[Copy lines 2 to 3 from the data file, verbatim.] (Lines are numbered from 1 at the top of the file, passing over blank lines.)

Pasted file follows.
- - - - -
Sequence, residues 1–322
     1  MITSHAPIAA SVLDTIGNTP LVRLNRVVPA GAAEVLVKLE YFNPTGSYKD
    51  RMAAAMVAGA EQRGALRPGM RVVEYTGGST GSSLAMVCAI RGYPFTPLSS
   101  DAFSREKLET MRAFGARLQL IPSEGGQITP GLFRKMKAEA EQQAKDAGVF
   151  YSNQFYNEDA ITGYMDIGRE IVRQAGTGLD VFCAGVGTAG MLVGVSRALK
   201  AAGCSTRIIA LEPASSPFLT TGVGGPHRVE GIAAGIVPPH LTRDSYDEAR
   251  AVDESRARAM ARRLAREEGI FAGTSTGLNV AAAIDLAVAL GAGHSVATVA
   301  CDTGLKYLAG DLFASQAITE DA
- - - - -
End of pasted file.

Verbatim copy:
     1  MITSHAPIAA SVLDTIGNTP LVRLNRVVPA GAAEVLVKLE YFNPTGSYKD
    51  RMAAAMVAGA EQRGALRPGM RVVEYTGGST GSSLAMVCAI RGYPFTPLSS